Dan Lewis, Chief Executive of Future Energy Strategies and the Economic Policy Centre, sets out why the UK simply can’t spend £200bn on its energy infrastructure by 2020. Key points: Analysis by Ofgem in 2009 of the UK’s energy prospects drew up four illustrative scenarios. One of these scenarios, ‘Green Transition’, put the costs of delivering secure energy supplies and meeting carbon targets at almost £200bn.
The £200bn figure has subsequently been widely cited. But the Green Transition scenario is undeliverable. The underpinning assumptions are not valid, the major utility companies and the National Grid can’t afford it, consumers won’t have it, and the system in all likelihood would not cope.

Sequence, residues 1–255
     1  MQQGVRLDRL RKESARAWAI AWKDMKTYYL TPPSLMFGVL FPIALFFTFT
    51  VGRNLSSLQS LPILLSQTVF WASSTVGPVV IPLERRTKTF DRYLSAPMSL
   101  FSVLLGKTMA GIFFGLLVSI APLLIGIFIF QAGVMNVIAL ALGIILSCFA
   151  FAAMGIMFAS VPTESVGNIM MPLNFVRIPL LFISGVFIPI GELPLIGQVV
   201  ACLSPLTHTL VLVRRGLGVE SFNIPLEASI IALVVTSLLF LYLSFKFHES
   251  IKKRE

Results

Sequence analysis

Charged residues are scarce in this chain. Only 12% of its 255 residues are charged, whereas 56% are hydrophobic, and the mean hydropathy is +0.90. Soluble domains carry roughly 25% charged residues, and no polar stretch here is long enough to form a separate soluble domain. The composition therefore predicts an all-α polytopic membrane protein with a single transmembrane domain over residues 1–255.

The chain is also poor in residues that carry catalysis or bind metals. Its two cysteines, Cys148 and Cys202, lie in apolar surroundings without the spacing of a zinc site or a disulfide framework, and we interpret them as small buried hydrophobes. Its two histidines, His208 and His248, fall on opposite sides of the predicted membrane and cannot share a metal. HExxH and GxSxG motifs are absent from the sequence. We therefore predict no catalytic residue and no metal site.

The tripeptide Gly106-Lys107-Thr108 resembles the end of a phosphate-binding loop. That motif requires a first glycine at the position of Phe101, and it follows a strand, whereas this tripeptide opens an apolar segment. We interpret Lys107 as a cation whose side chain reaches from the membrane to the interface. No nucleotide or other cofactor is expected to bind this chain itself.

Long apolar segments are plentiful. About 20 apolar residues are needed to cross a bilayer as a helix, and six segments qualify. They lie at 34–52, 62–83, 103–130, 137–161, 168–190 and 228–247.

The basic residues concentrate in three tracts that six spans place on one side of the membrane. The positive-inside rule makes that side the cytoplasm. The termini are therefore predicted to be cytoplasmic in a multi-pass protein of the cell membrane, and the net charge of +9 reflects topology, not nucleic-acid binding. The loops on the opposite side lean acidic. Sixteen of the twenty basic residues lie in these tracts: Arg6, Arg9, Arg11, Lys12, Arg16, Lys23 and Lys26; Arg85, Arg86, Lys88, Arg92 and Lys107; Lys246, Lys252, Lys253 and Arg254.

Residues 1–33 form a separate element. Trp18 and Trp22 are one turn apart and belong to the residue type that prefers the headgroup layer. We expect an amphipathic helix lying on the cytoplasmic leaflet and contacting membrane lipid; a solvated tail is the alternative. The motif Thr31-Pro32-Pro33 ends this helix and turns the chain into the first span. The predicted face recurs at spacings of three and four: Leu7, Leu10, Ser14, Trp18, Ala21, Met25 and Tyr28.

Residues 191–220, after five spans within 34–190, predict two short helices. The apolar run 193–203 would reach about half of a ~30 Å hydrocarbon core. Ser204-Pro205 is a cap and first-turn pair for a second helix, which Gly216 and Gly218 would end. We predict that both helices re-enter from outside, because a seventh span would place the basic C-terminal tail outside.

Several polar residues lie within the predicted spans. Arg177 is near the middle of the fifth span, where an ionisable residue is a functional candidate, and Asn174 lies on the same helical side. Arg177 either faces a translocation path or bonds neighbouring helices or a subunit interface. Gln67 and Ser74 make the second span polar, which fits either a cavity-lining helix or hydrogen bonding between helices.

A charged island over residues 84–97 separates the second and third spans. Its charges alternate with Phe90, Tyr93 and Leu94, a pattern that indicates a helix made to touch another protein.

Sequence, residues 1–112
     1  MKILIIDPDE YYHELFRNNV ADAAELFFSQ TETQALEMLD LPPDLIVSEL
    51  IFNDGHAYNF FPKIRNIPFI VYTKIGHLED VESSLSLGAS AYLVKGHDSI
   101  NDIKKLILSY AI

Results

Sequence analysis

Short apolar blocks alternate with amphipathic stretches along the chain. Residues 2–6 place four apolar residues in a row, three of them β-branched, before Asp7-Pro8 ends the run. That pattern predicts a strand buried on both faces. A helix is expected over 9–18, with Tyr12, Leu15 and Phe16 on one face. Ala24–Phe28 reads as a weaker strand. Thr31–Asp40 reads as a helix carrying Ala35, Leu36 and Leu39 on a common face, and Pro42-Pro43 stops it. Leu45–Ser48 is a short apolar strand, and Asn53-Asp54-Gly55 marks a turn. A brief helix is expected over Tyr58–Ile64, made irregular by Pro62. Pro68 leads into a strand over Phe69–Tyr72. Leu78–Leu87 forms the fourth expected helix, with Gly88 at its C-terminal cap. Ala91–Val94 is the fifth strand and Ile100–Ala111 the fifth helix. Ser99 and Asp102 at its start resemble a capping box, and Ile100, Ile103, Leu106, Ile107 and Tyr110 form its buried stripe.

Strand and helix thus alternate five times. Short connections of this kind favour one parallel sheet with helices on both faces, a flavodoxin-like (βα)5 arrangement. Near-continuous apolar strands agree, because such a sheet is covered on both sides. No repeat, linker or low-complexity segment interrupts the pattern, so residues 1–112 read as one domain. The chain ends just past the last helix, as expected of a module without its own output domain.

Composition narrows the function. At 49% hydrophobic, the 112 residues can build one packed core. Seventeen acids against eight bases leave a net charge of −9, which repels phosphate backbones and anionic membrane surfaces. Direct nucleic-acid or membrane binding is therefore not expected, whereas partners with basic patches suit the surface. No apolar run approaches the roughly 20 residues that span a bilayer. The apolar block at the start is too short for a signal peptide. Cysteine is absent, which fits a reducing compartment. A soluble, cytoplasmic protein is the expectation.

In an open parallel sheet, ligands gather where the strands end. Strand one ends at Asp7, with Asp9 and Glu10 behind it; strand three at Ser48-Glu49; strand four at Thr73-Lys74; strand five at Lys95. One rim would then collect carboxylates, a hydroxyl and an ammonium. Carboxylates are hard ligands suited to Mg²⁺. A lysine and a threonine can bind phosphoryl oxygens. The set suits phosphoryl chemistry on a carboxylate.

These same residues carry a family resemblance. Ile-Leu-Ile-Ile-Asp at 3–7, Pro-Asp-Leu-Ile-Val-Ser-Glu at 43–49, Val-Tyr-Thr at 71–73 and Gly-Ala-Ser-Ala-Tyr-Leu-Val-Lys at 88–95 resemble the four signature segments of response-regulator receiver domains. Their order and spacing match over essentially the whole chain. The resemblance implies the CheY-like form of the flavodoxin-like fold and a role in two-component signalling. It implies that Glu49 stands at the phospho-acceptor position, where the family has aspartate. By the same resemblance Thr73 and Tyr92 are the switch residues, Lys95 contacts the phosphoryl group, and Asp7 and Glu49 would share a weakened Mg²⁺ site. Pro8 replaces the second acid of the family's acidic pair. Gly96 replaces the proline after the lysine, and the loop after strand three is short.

A new approach is needed. This article puts forward a lower cost ‘Plan B’ based on the acknowledgement of some basic facts. The longer it takes for policymakers to accept that the £200bn investment will not happen, the more expensive it will be to change direction. There will have to be a renegotiation of the EU’s 2020 target for renewable energy and an extended life for the UK’s existing coal plants. Quite the worst of all worlds would be to keep pretending everything is going to plan.